Orxa Mantis chassis, ride and handling

The Mantis deploys a first in class all aluminium frame and subframe setup. This frame is suspended on a telescopic fork setup at the front and a monoshock at the rear. The motor sends power to the rear wheel via a belt drive system and for easy maintenance of the belt, Orxa have implemented a modular swingarm design. Comments on ride quality will be reserved for when we ride on the roads in real world conditions but in terms of the handling this one is a bit of an oddball.

The bikes I rode had a strange issue where the front end would start juddering violently if you get on the brakes. This means trail braking is out of question. The wheel combinations are interesting with a 110-section tyre at the front and a 130 at the rear. While the bike is fairly quick to turn in, I feel it would be nicer with a narrower front tyre. This is something Orxa will look into with future revisions but nothing is concrete yet. Handling-wise the bike felt sporty enough but because of the motor going into limp mode so quickly we couldn’t test the full potential of the chassis as we weren’t caring enough speed to fully lean the bike over. That being said the 182kg kerb weigh makes for a nimble bike overall.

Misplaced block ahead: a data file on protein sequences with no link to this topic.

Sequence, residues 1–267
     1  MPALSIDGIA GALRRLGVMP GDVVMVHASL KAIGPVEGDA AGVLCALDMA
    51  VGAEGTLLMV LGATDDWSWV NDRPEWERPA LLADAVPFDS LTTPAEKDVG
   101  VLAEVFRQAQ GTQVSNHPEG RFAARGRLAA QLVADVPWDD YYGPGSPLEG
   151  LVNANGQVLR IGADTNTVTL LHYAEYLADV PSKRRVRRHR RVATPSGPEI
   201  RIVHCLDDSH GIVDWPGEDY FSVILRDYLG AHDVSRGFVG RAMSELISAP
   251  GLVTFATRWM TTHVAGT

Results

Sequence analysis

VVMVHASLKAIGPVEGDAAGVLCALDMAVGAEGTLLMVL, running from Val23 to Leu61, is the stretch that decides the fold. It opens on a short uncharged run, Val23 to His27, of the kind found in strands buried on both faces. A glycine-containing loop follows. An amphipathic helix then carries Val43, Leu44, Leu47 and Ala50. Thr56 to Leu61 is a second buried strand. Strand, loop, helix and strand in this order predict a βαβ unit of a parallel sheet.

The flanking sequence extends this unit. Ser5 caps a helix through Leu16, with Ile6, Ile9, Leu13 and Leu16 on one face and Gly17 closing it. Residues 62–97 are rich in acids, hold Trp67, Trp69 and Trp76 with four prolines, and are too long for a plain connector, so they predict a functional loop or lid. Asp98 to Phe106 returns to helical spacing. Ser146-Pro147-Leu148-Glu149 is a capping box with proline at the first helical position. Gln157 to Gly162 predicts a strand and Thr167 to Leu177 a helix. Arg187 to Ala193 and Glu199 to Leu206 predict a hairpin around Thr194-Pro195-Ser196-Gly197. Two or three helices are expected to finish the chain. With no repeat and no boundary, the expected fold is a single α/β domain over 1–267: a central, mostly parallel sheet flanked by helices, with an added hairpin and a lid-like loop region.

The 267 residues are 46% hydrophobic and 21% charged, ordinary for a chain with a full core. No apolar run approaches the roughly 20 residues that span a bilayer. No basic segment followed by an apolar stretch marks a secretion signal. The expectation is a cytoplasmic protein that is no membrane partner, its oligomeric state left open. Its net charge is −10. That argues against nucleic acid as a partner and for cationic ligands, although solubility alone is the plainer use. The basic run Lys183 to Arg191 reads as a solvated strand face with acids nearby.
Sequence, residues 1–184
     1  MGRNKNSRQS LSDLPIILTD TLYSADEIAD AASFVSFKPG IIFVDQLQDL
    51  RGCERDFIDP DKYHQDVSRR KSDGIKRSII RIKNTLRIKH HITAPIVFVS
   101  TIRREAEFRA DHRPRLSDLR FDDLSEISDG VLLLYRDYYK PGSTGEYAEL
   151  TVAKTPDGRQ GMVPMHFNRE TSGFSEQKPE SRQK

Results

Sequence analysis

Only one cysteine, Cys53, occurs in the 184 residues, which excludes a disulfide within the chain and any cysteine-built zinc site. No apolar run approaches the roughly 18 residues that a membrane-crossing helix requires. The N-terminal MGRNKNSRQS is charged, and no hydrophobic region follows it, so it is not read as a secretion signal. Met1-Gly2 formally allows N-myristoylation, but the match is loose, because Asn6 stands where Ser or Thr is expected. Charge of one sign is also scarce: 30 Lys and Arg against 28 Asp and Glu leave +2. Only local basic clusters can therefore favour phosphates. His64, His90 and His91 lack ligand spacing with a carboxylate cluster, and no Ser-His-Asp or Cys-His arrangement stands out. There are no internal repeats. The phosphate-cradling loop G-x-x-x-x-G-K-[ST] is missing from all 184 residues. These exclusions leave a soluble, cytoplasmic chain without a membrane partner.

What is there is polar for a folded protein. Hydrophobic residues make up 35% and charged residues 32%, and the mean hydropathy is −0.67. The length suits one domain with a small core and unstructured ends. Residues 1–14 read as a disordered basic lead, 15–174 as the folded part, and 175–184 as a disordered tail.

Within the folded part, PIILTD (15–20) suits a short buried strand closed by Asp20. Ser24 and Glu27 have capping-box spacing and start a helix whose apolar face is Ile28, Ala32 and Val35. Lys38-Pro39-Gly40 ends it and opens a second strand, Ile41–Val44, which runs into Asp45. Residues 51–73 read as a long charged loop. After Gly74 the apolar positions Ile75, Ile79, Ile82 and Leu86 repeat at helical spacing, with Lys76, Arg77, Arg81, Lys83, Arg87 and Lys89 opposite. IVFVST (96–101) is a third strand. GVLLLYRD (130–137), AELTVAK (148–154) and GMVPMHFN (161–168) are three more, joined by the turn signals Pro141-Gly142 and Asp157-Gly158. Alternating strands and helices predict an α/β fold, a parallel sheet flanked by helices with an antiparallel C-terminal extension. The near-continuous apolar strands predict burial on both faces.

The Orxa Mantis has a wheelbase of 1450mm and a seat height of 815mm
The Orxa Mantis has a wheelbase of 1450mm and a seat height of 815mmShot by Avdhoot A Kolhe for evo India

On the braking front you have a radially mounted ByBre calliper at the front and a single-piston calliper at the rear, with single-channel ABS only. But the rear wheel tends to lock up with little effort and especially considering the price tag, not fitting it with a dual-channel ABS seems like an oversight. In terms of ergonomics, the Mantis offers a comfortable riders triangle with an 815mm saddle height. While the weight height isn’t a lot, the placement of the frame and the body panels are such that there’s a sharp notch digging into your thigh when you try to grip the bike or get your legs down to move the bike around. This pain point is compounded further when you factor in the lack of a reverse mode or any riding modes for that matter.